European Smaller Companies 20 May 2020
This is not substantive investment research or a research recommendation, as it does not constitute substantive research or analysis. This material should be considered as general market commentary.
To deliver capital growth by investing in smaller and medium-sized companies in Europe (excluding the UK)
TR European Growth
Janus Henderson Investors Ltd
Ollie Beckett; Rory Stokes; Julia Scheufler;
Association of Investment Companies (AIC) Sector
European Smaller Companies
12 Mo Yield
Dividend Distribution Frequency
Latest Market Capitalisation
Latest Net Gearing (Cum Fair)
Latest Ongoing Charge ex Perf Fee
(Discount)/Premium (Cum Fair)
Daily Closing Price
TR European Growth Trust (LON:TRG) aims to deliver capital growth by investing in smaller and medium-sized companies in Europe (excluding the UK). It tends to own smaller companies, on average, than the majority of its peers and pursues a contrarian valuation driven approach which sees it more highly exposed to ‘value’ plays than others in the sector.
With a strong record of dividend growth, the trust offers a solid yield, and is insulated from the threat of dividend cuts by a large revenue reserve. Though well diversified, the trust’s high gearing and preference for smaller, often out-of-favour, companies has meant significant volatility for investors. Ollie Beckett has been running the portfolio since 2011, utilising a bottom-up approach to stock selection. The investment process differentiates the trust from others in the sector, as it involves assessing companies based on the stage of their life cycle as opposed to by sector or geography. Depending on where each company sits in its cycle, Ollie will assess different attributes, valuation metrics and sell signals to understand if it is intrinsically undervalued.
The trust is well diversified with close to 150 stocks, and the top ten holdings make up less than 20% of NAV. There is an emphasis towards small- and micro-cap companies relative to peers, with the average market cap in the portfolio £916m, in comparison to the AIC European Smaller Companies sector average of £1.69bn. Ollie pursues a contrarian approach, looking for undervalued companies which he believes are misunderstood by the market, and has been increasing his exposure to companies with leverage throughout the pandemic.
Typically, the trust has outperformed in rising markets but done little to protect capital during falling markets. This is primarily due to the type of company Ollie invests in, as well as the high levels of gearing employed (currently 11%). Over the past five years the trust has delivered NAV total returns of 32.4%, outperforming the benchmark but underperforming the AIC European Smaller Companies sector.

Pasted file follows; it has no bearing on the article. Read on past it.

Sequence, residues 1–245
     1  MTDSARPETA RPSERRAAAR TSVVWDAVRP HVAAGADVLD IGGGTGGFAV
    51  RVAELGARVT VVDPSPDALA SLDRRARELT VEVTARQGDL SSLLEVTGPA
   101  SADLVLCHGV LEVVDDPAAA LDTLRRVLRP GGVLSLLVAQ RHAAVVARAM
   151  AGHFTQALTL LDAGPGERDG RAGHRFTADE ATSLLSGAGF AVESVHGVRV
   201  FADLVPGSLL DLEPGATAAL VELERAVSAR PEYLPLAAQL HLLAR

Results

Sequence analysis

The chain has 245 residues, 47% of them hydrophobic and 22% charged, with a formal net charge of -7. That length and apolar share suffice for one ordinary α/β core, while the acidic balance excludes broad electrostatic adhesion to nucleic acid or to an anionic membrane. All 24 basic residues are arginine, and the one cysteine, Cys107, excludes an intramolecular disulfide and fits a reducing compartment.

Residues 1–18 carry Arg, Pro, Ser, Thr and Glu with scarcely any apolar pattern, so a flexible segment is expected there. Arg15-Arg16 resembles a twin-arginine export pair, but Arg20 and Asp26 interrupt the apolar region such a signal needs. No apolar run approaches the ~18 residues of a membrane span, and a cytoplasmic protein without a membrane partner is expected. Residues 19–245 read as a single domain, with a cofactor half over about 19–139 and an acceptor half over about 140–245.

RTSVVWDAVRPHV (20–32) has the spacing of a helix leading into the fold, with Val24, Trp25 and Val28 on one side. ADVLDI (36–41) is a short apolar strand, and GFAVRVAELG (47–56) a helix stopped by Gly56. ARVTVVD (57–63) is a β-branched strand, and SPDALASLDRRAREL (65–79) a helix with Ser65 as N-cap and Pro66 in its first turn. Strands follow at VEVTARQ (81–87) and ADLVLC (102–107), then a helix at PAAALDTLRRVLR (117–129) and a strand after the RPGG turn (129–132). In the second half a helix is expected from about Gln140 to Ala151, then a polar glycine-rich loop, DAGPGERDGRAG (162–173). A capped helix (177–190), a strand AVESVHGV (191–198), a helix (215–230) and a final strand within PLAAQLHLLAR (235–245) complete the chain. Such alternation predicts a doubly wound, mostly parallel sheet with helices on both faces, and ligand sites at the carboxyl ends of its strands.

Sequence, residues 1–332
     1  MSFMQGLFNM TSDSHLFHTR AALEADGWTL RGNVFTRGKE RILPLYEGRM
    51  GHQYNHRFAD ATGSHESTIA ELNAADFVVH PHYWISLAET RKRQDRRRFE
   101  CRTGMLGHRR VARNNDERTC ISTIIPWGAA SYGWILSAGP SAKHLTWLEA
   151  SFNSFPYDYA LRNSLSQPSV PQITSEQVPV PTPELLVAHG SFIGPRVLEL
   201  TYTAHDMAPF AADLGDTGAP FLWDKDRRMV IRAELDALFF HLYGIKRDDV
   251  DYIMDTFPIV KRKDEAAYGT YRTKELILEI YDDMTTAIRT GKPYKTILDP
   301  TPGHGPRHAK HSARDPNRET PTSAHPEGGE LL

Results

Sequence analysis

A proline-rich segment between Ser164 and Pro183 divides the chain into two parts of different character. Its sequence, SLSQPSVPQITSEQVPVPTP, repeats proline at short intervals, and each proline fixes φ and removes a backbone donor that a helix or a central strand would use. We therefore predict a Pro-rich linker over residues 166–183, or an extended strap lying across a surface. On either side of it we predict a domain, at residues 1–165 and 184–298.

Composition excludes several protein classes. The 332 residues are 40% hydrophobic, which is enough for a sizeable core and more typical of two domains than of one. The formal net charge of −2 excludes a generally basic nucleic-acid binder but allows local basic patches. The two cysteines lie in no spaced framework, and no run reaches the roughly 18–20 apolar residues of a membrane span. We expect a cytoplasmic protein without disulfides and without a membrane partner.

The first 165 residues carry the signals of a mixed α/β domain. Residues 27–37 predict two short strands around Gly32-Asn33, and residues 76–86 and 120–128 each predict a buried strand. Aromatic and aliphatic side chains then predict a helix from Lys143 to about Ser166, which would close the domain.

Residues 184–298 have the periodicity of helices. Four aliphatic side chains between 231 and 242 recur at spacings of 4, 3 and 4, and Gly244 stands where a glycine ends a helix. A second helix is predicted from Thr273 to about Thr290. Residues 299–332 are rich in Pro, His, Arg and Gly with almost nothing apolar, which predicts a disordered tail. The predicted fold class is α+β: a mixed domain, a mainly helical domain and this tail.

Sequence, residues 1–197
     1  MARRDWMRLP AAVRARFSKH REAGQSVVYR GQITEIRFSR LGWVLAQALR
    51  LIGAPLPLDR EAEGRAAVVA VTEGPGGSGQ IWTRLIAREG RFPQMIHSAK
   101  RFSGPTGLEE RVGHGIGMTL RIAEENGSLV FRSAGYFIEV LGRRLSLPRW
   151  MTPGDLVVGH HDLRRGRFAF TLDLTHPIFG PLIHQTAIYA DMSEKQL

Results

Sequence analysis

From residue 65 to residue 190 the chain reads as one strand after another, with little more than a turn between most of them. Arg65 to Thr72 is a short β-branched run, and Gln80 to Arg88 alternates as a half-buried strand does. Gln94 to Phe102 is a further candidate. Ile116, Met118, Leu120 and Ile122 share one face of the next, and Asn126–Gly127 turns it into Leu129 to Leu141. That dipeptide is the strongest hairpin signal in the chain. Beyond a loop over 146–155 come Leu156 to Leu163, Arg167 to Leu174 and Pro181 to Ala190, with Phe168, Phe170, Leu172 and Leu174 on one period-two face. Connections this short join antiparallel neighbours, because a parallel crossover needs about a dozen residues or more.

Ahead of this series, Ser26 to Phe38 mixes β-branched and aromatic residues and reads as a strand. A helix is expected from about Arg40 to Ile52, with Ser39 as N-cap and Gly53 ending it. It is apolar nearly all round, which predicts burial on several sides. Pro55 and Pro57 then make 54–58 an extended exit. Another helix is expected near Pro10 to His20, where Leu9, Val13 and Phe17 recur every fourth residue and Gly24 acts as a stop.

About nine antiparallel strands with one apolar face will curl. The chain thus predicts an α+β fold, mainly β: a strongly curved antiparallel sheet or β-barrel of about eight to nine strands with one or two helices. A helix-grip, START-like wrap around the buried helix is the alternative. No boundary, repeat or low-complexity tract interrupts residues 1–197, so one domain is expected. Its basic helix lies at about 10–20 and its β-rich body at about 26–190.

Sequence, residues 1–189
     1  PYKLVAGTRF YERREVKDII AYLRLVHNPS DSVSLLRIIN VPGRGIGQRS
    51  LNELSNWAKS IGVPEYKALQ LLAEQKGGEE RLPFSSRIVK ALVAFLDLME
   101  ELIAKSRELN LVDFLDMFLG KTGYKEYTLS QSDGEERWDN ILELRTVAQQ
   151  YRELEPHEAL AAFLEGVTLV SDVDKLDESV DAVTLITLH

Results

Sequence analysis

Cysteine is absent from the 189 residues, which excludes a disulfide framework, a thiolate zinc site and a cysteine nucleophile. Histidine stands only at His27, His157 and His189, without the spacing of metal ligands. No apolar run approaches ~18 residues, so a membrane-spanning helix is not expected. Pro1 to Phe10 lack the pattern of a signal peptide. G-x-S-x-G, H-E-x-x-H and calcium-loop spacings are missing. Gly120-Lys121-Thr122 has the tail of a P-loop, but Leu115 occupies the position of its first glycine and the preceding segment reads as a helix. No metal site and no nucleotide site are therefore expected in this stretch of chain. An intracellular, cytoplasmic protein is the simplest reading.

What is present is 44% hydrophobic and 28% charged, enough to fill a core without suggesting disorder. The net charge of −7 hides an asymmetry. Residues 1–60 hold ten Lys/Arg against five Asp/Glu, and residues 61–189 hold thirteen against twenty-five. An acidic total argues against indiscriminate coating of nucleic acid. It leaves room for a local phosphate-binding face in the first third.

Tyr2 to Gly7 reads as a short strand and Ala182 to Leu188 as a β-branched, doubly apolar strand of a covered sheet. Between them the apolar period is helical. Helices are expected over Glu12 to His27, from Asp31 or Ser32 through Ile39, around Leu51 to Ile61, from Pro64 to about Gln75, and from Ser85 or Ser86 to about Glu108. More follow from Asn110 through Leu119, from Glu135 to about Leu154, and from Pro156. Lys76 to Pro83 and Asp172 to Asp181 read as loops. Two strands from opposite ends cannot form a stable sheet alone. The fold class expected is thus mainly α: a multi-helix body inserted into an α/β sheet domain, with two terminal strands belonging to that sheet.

Currently the trust is trading at a discount of 16.4%, the widest in the sector.
TR European Growth Trust looks unlike other trusts in the sector because of its unique investment process and its high exposure to ‘value’ stocks. Through looking at companies based on the stage they are at in their life cycle, Ollie has built a portfolio with a highly differentiated blend of stocks at different stages of their growth trajectories.
The high levels of gearing the trust employs have meant that the trust’s performance has often risen or fallen at a much greater rate than the benchmark or peer group. Interestingly, despite the focus on stages of growth and the small- to micro-cap focus tilt, the trust has higher-than-average levels of exposure to ‘value’ stocks. This has further increased throughout the pandemic, as Ollie looks to take advantage of companies whose leverage means they are being hit particularly hard. Although a risky strategy, the highly diversified nature of the portfolio offers a degree of reassurance.
Although capital growth is the main aim for the managers, the yield of 3.1% is also attractive. Investors should be aware though that dividends will still likely be cut in European smaller companies, though in this scenario the trust’s large reserves put it in a stronger position than most.
The current discount (16.4%) could be an attractive entry point into the trust for those who believe the worst is behind us and a recovery awaits. However, the characteristics described above – and particularly the gearing, at a trust level and in the underlying holdings – could prove troublesome should we see continued lockdowns through Europe.
|Highly differentiated portfolio relative to peers||Highly geared|
|Attractive source of diversified income with revenue reserves that mean it is likely to withstand dividend cuts better than others||Value-driven approach has been out of favour for the past decade|
|Wide discount||Highly diversified portfolios can struggle to offer returns that are significantly different from the benchmark|